Perhaps the cleanest, best and easiest example of disarmament is that of South Africa. The situation wasn’t perfect, but it provides an exemplary model for Syria—or Iran and North Korea for that matter. Experts point to a key factor in the South African decision to give up their nuclear weapons: namely the removal of neighboring threats. Faced with the risk of invasion by communist forces, South Africa set up their nuclear program. But in the late 1980s that threat dissolved. Dr. Waldo Stumpf, a former Chief Executive Officer for the Atomic Energy Corporation of South Africa, believes that political change helped set the stage for South Africa’s decision to abandon nuclear weapons. They simply didn’t need them anymore.
In his presentation, “Birth and Death of the South African Nuclear Weapons Programme,” Dr. Stumpf said, “International pressure by a superpower from outside the region on a would-be proliferator can be helpful but only up to a point. In the final instance, regional tensions must be resolved before the cause of non-proliferation can be fully realized.” In other words, remove the reason for having the weapons, then removing the weapons becomes easier.
In the case of Syria, that makes a ceasefire in their civil war all the more important. As long as the regime is massacring its people and fears a similar revenge if they lose, chemical weapons still have a clear and present use in the country.
South Africa faced a range of tough sanctions that lasted for years. While those were focused on their racist Apartheid system, it nonetheless left South Africa with a clear message—if you want the sanctions lifted, then you have to meet the world’s expectations. As a non-member of the global Nuclear Non-Proliferation Treaty (NPT), South Africa had yet another strike against it. To ensure sanctions relief, it made sense to go for it all and abandon its nukes along with its Apartheid policy.
For Syria, this means that the international community shouldn’t relax its sanctions and pressure until the regime has fully complied with its obligation to disarm. In fact, now would be a great time to take a page from the South African situation and keep the sanctions tied to the Syrian regime’s abuses, rather than their WMDs. That way Syria is pressured to sign a ceasefire and end the civil war—which is a key reason for keeping its chemical weapons in the first place.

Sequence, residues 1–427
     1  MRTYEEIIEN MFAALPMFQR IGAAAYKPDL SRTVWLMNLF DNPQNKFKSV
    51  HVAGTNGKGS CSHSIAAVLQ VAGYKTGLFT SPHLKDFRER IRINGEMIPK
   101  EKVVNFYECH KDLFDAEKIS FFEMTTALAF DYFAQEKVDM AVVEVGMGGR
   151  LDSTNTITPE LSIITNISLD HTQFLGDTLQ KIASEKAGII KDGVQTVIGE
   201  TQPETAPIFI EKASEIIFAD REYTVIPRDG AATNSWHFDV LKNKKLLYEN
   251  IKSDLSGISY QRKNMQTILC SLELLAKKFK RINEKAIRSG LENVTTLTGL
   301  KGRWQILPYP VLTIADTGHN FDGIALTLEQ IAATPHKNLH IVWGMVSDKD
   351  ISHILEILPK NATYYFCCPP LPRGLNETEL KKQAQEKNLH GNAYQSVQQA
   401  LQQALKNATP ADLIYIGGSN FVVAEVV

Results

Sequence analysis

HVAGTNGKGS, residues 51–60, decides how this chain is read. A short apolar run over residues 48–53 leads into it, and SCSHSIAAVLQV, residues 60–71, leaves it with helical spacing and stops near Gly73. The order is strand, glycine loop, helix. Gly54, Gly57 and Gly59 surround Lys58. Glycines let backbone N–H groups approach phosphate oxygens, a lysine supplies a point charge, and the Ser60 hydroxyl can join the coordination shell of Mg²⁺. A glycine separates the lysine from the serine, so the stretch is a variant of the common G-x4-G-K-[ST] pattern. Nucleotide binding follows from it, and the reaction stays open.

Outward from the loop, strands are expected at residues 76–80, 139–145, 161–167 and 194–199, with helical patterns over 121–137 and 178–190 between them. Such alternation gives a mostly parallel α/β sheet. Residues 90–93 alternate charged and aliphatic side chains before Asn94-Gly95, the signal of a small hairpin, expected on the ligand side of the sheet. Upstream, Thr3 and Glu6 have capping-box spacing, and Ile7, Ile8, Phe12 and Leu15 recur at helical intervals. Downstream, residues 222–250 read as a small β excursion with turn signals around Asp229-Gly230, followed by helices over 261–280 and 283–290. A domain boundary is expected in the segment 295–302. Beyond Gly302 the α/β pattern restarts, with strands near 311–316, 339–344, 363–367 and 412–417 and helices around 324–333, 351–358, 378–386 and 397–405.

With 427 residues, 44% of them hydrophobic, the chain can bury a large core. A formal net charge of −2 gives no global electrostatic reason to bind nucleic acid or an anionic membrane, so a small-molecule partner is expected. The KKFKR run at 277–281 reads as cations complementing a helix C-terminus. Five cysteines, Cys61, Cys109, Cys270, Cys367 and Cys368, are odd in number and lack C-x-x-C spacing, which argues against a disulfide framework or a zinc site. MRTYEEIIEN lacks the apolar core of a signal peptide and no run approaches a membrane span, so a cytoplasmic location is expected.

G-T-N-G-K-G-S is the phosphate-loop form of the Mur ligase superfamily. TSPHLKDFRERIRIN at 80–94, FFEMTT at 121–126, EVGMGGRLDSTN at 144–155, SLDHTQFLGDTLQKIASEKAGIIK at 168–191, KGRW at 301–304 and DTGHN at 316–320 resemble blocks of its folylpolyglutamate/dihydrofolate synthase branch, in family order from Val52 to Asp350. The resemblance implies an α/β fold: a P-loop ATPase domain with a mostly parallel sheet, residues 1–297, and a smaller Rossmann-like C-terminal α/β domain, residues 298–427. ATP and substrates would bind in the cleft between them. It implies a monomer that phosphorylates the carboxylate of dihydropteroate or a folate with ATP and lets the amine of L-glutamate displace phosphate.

Another country that saw some success in disarming its weapons of mass destruction is Libya. While they have yet to destroy all their chemical weapons—10 years after promising to do so—Libya did go from a rogue regime with budding chemical and nuclear weapons programs to a more compliant nation. What were the key reasons for this success? Depends on who you ask, but the Arms Control Association’s timeline on the Libyan situation highlights some important threats made to Libya by the United States prior to Libya giving up its program.
The first major event was the war in Iraq. The US invaded because of WMD allegations against the regime of Saddam Hussein. While the US was already negotiating with Libya to give up their WMDs before the Iraq War, Libya was later caught red-handed trying to smuggle in components needed for a nuclear program. Along the way, the US kept making public threats that Libya had better give up their WMDs. The Arms Control Association noted that John Bolton, then the US undersecretary of state for arms control and international security, said that nations still working on WMDs would “pay a steep price for their efforts.”